By Agnes Constante

Celebrity chef and “Bizarre Foods” host Andrew Zimmern has apologized for controversial remarks he made about Chinese-American restaurants

“The upset that is felt in the Chinese American community is reasonable, legitimate and understandable, and I regret that I have been the one to cause it,” Zimmern wrote in a statement posted to Facebook on Monday. “That is the very last thing I would ever want to do.”

The apology follows Zimmern's interview with Fast Company, published last week, where he discussed the opening of his latest restaurant Lucky Cricket, a Chinese restaurant that includes a Tiki bar, at a mall in a Minnesota suburb. The goal, he said, was to introduce Midwesterners to "hot chili oil, introduce them to a hand-cut noodle, and introduce them to a real roast duck," and to open 200 of those restaurants across middle America.

“I think I'm saving the souls of all the people from having to dine at these horses--- restaurants masquerading as Chinese food that are in the Midwest,” he said.

Zimmern's remarks were widely criticized for being culturally insensitive.

"The Midwest’s 'horses--- restaurants' are what paved the way for Zimmern’s venture and more broadly, Chinese cuisine in America," Washington Post contributor Ruth Tam wrote in response. "Chinese American food may have originated in the nation’s coastal cities, where immigrants first opened shop, but I’d argue that this cuisine’s ability to thrive in the Midwest with fewer Asian patrons cemented its lasting role in this country. These 'horses---' restaurants may not clear Zimmern’s bar for authenticity, but despite adversity, they created a time-tested model for immigrant food and helped make Chinese food not only ubiquitous, but part of American identity."

Eater restaurant editor Hillary Dixler Canavan also criticized Zimmern for inaccurately portraying the Chinese-American restaurant experience. During Zimmern's interview with Fast Company, he said, “Someone else is going to be the next P.F. Chang's, and I don't want them to blow it. And is it up to me to do it? …. I certainly think I'm in the conversation. And just because I'm not Chinese, I leave that to the rest of the world to judge.”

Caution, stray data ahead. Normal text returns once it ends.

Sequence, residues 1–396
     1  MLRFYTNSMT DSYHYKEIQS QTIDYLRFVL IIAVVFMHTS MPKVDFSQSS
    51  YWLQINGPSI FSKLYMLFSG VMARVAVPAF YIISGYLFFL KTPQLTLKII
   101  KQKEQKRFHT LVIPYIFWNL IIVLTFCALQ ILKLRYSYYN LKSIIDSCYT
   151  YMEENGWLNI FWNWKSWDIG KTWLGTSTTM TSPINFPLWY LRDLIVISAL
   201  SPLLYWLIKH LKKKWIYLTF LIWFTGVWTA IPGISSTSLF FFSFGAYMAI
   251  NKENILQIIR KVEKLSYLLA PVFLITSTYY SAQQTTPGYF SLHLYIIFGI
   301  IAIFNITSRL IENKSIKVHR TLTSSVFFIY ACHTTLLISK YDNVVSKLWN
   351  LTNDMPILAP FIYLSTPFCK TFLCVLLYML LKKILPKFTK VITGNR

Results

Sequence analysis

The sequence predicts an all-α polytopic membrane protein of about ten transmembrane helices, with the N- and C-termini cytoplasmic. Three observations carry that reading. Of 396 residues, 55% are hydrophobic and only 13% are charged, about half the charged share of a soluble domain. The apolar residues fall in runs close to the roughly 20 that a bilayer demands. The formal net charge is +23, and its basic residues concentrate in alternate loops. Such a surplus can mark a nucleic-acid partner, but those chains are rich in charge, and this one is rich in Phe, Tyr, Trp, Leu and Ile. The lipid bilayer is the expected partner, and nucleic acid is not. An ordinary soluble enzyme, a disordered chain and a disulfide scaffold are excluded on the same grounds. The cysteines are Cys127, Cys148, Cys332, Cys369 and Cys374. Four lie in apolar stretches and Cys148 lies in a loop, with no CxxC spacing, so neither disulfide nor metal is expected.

He also suggested that P.F. Chang's was a “ripoff” because it was owned by the son — “a rich, American kid on the inside” — of culinary figure Cecilia Chang, who is credited with introducing America to traditional Chinese cuisine.

"With one glib comment, Zimmern basically erases [Philip] Chiang’s experience of race in America because he was from a rich family," Dixler Canavan wrote. "Calling Chiang’s cultural purity into question in order to give his own work on Lucky Cricket a pass is deeply misguided, if not outrageously offensive."

She added, “Zimmern not only makes a value judgment about authenticity … but he also makes it without questioning why he gets to pass judgment in the first place. That act of 'translating' on behalf of the presumably white audience — the idea that American diners need to have something unfamiliar 'made more palatable' to get them to the table — has shades of a strange, increasingly outdated form of cultural elitism.”

In his apology, Zimmern said he did not intend to portray himself as the expert of quality Chinese or Chinese-American food or culture, and that some of what he said was taken out of context.

He noted that many people in Minnesota only know the Chinese food found at airports and malls.

“For those folks, I hope to open their eyes to the greatness of Chinese and Chinese-American cuisines and the people who put it on the plate,” he said. “And hopefully, since Americans in general inhale other cultures first through their mouths, if they can love the food they can become more accepting and understanding of the people.”

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CORRECTION (Nov. 28, 2018, 10:26 a.m. ET): An earlier version of a photo caption in this article misspelled the name of a TV show hosted by Andrew Zimmern. The show is "Bizarre Foods," not "Bizzare Foods."

Rima Abdelkader contributed.